ON MOTHERHOOD

Every so often since I became a mother I wish I had a time machine so I could go back in time and live life free and easy again, just for a minute. It’s on the days that are filled with watermelon stains on the brand new upholstered bar stools and bubble mixture pooling on the living room carpet. Those days where the time out flag has been waved far too regularly, where the whining continues even after what feels like a hundred reminders about the use of a nice voice. Sometimes motherhood leaves me flopping around on the shore of life, gasping for air. And then…

…and then come those magical moments where my sand-roughened fins catch an incoming wave and I’m swept back out into that sweet, sweet sea. Those magical moments that make every last demand for more trail mix seem ultimately less draining, the moments that make pretending to be the Grumpy Dwarf to her Snow White for the hundredth time worthwhile. Magical moments like when this miracle of mine doesn’t even look up from her busy play to tell me I’m the best mommy in the world, and I feel like my heart just got thrown a stick of dynamite. When she throws her arms around me and tells me she loves me, for no apparent reason at all. When she shouts “I’m HAPPY!” as we skip along the boardwalk on our mommy-daughter outing. All this in spite of when I scolded her more harshly than I would have liked, in spite of the day I refused to let her feet leave the bathroom step stool for close to ten minutes before she finally agreed to brush her teeth (and probably partly because of it).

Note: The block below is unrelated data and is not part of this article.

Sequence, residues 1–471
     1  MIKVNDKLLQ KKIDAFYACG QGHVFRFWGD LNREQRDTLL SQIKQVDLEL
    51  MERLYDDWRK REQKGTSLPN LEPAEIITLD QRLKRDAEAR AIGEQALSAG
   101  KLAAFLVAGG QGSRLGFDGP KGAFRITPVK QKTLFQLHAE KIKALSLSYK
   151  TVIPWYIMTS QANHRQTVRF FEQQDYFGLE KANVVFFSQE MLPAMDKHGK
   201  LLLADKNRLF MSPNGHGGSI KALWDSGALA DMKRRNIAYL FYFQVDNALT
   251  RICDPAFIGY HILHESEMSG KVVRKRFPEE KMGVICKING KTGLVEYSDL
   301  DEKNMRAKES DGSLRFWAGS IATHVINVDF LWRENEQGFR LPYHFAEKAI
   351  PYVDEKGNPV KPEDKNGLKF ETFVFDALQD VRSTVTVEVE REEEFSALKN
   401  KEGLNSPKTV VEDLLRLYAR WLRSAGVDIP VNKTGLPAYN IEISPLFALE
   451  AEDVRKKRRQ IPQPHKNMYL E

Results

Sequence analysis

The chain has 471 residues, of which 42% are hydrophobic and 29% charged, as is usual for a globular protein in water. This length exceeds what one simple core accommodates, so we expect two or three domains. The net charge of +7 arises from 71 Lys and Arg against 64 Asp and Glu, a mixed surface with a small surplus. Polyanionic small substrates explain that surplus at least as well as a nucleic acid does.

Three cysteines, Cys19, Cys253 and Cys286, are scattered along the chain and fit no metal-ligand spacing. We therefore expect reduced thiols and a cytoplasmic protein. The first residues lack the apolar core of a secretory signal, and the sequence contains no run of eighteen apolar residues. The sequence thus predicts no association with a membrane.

And it’s these moments when I watch her proudly pushing her baby doll stroller down the street next to my real one, the moments where she can’t stop giggling while watching her little sister eat rice cereal for the first time. When I’m listening to her (loudly) sing the same Disney song off key with made-up words, and with no concern as to who might be listening or what they might think. Watching her laugh as the dog chases her in circles around the house, seeing her smile when she shares a special toy with “baby sis” even when she knows it’s going to get drooled on. The delight of seeing her dad walk through the door after a long day at work, and the look on her face when she welcomes him by having him flip her upside down.

I am a mom. Nobody said it was going to be easy, but nobody could have ever described fully what joy it would bring me to have these two amazing little people in my life (and the guy they call daddy). I’d still take that time machine, but just for a quick visit to the old me to let her know that one day her worst “problem” was going to be having to deal with watermelon stains on the furniture and bubble mixture on the carpet. That she’d one day have to deal with a lot of tantrums and a lot of spit up, and that it would be the best thing that ever happened to her.

Ciao, and goodbye for now,

Brie

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